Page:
Stories of pupil abuse overshadow concerns about overcrowding and university admissions, says Mark Fuller.
That the Dutch education minister Jo Ritzen was not, for once, pelted with rotten eggs during his speech to open the 199697 university year in September underscored the lull that has descended on the Dutch educational battleground. This year has been an oasis of calm compared with the teachers' strikes and student riots that marked 1995.
Nevertheless, 1996 saw the Dutch government continue its tough reorganisation of the tertiary education sector, while several scandals rocked the Netherlands' belief in the decency, fairness and high standards of its educational system.
Dutch religious communities, which still run a large number of schools in the Netherlands, are carefully examining their management practices after a sex abuse scandal undermined their claim of providing higher moral standards than their secular counterparts.
It emerged earlier this year that a reformed Protestant school in central Holland had concealed a teacher's sexual abuse of at least 18 children from parents and the authorities for several years.
The case sparked revelations at several other schools, and there was a public outcry that sexual abuse was on the increase.
The government said there were more cases now because people were more willing to talk about it. "At 99.9 per cent of our schools nothing is amiss," Tineke Netelenbos, the junior education minister, said. But things do seem to be increasingly amiss at Dutch schools, critics claim.
The country was stunned by a recent report showing that many primary schools were overcrowded with over 30 pupils per class and that this was having a detrimental effect on the children's education. The government is now preparing a scheme to reduce class numbers and set a maximum limit per class.
Meanwhile, the controversial lottery system for allocating places on oversubscribed university courses, a consequence of Dutch educational egalitarianism, sparked a serious row, after one brilliant student was excluded from a medical course because she happened to draw the wrong number.
At the same time, public concern mounted about a perceived move to a more elitist educational system. One Dutch university unveiled plans to set up a new college along the lines of Oxford and Cambridge, and there was concern about a growing gap between standards at "rich" and "poor" schools.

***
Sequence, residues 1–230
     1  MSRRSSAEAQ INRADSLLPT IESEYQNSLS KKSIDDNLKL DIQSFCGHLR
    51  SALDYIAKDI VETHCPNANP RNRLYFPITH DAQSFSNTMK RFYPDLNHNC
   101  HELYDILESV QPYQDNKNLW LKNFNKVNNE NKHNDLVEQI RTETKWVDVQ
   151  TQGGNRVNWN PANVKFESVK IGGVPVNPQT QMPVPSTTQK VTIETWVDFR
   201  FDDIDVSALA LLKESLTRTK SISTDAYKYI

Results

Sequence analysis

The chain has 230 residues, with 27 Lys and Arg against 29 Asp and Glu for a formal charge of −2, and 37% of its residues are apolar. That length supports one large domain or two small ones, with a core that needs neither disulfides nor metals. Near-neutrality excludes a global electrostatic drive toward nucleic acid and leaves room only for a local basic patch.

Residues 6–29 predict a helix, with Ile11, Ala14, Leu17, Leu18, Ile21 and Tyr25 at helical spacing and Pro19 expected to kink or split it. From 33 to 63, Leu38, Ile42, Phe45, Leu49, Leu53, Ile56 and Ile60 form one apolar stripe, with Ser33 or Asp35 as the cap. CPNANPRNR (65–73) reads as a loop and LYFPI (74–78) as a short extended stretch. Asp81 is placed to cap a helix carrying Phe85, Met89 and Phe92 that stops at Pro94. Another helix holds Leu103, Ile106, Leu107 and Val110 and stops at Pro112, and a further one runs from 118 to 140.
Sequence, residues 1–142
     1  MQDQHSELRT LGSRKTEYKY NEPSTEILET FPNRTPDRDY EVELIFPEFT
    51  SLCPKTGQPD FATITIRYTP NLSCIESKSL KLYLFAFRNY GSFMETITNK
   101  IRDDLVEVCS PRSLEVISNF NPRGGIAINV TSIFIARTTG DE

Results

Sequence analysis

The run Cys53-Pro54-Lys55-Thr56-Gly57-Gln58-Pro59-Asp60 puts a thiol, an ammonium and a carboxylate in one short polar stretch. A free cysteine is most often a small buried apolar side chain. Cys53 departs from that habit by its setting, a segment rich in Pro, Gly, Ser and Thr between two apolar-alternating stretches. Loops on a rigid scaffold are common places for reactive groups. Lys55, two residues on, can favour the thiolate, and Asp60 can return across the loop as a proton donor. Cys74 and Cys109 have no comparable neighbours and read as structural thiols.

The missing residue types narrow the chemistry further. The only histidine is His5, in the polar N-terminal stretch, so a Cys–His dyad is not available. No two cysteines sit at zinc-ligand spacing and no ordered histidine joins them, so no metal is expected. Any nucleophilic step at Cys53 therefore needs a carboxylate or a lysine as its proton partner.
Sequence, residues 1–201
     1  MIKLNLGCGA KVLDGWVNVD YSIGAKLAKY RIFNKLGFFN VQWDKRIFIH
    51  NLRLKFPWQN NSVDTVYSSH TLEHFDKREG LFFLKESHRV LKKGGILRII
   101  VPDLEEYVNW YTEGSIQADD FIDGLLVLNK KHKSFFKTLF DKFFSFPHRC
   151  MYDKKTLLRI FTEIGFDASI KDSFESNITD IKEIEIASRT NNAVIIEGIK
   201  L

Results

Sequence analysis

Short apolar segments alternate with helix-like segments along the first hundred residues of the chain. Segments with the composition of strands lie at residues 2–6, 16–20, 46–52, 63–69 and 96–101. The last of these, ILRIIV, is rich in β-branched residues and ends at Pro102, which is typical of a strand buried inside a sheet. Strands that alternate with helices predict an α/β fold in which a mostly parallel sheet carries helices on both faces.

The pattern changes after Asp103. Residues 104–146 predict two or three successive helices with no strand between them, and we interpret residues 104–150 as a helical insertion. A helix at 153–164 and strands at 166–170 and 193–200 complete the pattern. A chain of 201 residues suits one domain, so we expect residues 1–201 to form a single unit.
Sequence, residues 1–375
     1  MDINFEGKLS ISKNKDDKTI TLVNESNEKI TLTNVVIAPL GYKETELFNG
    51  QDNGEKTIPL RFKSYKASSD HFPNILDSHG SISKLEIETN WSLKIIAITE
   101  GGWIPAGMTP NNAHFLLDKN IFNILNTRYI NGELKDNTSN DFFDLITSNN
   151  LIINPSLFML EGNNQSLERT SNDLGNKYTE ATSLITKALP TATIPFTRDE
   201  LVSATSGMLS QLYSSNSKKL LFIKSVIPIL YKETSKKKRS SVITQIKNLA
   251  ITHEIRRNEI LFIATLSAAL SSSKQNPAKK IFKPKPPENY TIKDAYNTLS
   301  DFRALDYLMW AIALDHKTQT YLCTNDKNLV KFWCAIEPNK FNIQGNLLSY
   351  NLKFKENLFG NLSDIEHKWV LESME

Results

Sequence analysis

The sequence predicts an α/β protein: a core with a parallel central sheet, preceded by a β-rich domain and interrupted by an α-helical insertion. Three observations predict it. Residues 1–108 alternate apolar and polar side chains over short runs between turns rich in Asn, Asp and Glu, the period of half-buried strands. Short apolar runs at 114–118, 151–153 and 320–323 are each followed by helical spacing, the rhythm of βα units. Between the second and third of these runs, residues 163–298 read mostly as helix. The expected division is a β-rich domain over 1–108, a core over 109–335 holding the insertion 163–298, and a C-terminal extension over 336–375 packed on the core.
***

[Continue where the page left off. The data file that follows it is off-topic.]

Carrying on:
One group was so worried about these trends that it threatened to provide children with minute "finger" video cameras to record evidence of bad teaching. The scheme was scuppered by a legal action, however.
The government has not flinched from continuing its tough programme of reforms. A new performance-based student loan scheme aimed at forcing students to complete their university courses more quickly was introduced last September and soft-option studies at secondary schools were scrapped.
Although the government has pledged more money for improving the quality and efficiency of university education, experts complain that the state's financial problems, rather than any fundamental flaws, in the education system are driving the plans.
The education ministry has had its budget slashed the past few years and the latest international survey shows The Netherlands is spending less than the average on education for members of the Organisation for Economic Co-operation and Development. Dutch spending as a percentage of gross national product has fallen steadily since the 1970s from 7.4 per cent to 5.3 per cent last year.
The education ministry, however, is still showing itself to be one of the most innovative in Europe, launching plans for virtual teaching, a school identification number that pupils will receive at birth, and financial penalties for truants.
For 1997, the ministry has pledged to focus on strengthening information and communications technology in schools, as well as bolstering the position of teachers. It is considering paying more money to good teachers at difficult or underachieving schools to try to persuade them to stay on.